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Snapchat Employees Abused Users’ Private Data: Report

Snapchat’s daily active users were 190 million — up two per cent from 186 million in the previous quarter but down from 191 million in Q1 2018

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Snapchat is reportedly planning to launch more
Snapchat in a Smartphone. IANS

Workers across several departments at photo-messasing platform Snapchat who have privileged access to users’ data spied on them for years, a Motherboard report has claimed.

These employees used “SnapLion”, an internal tool used by various departments, to access Snapchat user data like location information, saved Snaps (photos or videos), phone numbers and email addresses.

“Two former employees said multiple Snap employees abused their access to Snapchat user data several years ago,” said the report.

Snapchat, which has 190 million daily active users globally, said that protecting privacy is paramount at the company.

“We keep very little user data, and we have robust policies and controls to limit internal access to the data we do have. Unauthorized access of any kind is a clear violation of the company’s standards of business conduct and, if detected, results in immediate termination,” the company was quoted as saying.

Snapchat, smartphones
An image of the Snapchat logo created with Post-it notes is seen in lower Manhattan, New York, May 18, 2016. VOA

The internal tool “SnapLion” was originally used to gather information on users in response to valid law enforcement requests.

An internal Snap email obtained by Motherboard said a department called “Customer Ops” has access to SnapLion. Security staff also had access to the tool.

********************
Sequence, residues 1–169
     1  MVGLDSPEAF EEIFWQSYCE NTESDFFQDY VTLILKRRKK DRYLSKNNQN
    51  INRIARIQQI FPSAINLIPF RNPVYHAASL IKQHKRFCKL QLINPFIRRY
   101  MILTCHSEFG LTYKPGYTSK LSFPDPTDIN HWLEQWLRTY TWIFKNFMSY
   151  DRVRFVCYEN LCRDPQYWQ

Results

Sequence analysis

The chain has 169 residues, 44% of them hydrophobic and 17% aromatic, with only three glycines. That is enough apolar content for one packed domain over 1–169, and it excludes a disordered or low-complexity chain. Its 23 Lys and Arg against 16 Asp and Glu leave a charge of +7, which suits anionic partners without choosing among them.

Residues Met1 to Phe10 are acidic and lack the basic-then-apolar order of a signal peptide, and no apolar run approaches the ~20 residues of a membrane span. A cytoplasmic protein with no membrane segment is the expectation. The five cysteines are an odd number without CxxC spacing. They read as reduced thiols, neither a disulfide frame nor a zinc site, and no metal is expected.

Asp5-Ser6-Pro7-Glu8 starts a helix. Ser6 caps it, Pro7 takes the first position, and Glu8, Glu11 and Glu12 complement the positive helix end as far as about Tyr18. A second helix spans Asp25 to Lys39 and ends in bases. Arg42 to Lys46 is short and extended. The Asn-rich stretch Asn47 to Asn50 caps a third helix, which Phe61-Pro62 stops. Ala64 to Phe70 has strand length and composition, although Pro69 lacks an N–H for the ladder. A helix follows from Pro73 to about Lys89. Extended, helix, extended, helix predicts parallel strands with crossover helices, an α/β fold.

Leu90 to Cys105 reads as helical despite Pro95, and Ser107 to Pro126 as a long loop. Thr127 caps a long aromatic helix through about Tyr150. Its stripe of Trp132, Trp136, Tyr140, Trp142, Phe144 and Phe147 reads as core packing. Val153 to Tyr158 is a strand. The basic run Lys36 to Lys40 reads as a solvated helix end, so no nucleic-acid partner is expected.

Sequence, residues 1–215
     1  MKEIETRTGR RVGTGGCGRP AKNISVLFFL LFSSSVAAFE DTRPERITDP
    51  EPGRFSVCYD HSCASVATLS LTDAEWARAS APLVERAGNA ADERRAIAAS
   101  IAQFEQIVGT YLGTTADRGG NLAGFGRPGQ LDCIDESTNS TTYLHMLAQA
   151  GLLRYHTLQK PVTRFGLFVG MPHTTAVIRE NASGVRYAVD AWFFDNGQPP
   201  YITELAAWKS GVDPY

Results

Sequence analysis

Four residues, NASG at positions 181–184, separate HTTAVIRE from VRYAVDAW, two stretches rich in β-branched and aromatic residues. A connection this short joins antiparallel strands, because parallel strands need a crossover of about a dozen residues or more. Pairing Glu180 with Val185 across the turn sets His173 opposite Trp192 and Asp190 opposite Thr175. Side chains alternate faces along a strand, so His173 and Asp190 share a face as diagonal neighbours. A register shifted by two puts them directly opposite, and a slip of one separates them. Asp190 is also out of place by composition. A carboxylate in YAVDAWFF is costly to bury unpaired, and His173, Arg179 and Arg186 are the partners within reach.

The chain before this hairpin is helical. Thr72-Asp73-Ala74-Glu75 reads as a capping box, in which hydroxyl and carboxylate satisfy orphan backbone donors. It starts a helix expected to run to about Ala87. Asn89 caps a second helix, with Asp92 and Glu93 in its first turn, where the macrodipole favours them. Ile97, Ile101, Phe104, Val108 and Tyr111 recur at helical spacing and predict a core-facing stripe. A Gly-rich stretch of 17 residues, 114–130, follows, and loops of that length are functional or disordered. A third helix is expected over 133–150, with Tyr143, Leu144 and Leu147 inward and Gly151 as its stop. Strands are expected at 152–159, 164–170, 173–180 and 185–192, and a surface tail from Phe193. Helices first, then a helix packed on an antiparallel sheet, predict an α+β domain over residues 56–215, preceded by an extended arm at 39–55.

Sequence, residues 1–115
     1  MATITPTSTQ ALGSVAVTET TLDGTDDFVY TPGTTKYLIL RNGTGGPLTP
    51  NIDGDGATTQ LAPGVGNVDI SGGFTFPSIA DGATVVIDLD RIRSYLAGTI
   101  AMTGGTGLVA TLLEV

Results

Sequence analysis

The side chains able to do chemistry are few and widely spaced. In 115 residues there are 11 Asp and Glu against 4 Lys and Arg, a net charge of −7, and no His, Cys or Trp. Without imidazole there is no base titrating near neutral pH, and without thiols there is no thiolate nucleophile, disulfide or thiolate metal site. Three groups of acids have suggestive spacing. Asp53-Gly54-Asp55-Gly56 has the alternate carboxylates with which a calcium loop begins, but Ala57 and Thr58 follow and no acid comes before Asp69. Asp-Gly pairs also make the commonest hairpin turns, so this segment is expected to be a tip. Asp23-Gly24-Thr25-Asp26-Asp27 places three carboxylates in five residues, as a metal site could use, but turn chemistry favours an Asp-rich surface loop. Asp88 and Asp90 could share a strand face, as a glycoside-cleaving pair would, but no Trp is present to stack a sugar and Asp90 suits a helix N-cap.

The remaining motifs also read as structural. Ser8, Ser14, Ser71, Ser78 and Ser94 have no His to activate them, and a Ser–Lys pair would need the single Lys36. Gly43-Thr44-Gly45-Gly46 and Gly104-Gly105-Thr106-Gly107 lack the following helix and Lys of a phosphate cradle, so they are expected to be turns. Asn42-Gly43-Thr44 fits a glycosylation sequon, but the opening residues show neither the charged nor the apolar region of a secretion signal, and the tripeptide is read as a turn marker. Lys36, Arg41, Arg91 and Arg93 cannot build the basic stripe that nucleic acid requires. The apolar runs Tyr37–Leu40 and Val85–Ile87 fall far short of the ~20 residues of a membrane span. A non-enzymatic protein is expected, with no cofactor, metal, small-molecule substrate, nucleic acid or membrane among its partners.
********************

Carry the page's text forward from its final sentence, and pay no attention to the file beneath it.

One of the former employees said that data access abuse occurred “a few times” at Snap.

Also Read- Facebook Pulls Down Over 3 Billion Fake Accounts

Photo-messaging app Snapchat added four million new users in the first quarter of 2019, registering a revenue of $320 million — up 39 per cent (year-over-year).

Snapchat’s daily active users were 190 million — up two per cent from 186 million in the previous quarter but down from 191 million in Q1 2018. (IANS)

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Researchers Associate Social Media Use to Eating Disorder in Adolescents

Social media use linked to eating disorder in children

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Eating disorder due to social media
Excessive use of Social media platforms such as Instagram and Snapchat is linked with eating disorder among children. Pixabay

Parents, take a note. Researchers have found that excessive use of social media, particularly platforms with a strong focus on image posting and viewing such as Snapchat and Instagram, is associated with eating disorder in young adolescents.

For the study, published in the International Journal of Eating Disorders, researchers examined data on 996 grade 7 and 8 adolescents.

“While a range of studies have focused on the impact of social media on body image, this is the first to examine the relationship between specific social media platforms and disordered eating behaviours and thoughts,” said study lead author Simon Wilksch from Flinders University in Australia.

Also, most other studies had focused on older adolescents or young-adult women, he said.

Eating disorder in teenagers
Adolescents develop eating disorder due to meal skipping. Pixabay

The study on associations between disordered eating and social media use among young adolescent girls and boys suggested that much more needed to be done to increase resilience in young people to become less adversely impacted by social media pressures, Wilksch added.

During the study, the research team found behaviours related to disordered eating were reported by 51.7 per cent of girls and 45 per cent of boys, with strict exercise and meal skipping being the most common.

Of these, 75.4 per cent girls and 69.9 per cent boys had at least one social media account, and Instagram was the most common.

Also Read- Fake News Spreads Like Wildfire On Social Media

According to the study, greater number of social media accounts and greater time spent on them were associated with a higher likelihood of disordered eating, thoughts and behaviours.

The researchers are launching an Australia-wide trial of the Media Smart Online programme designed to combat such pressures. (IANS)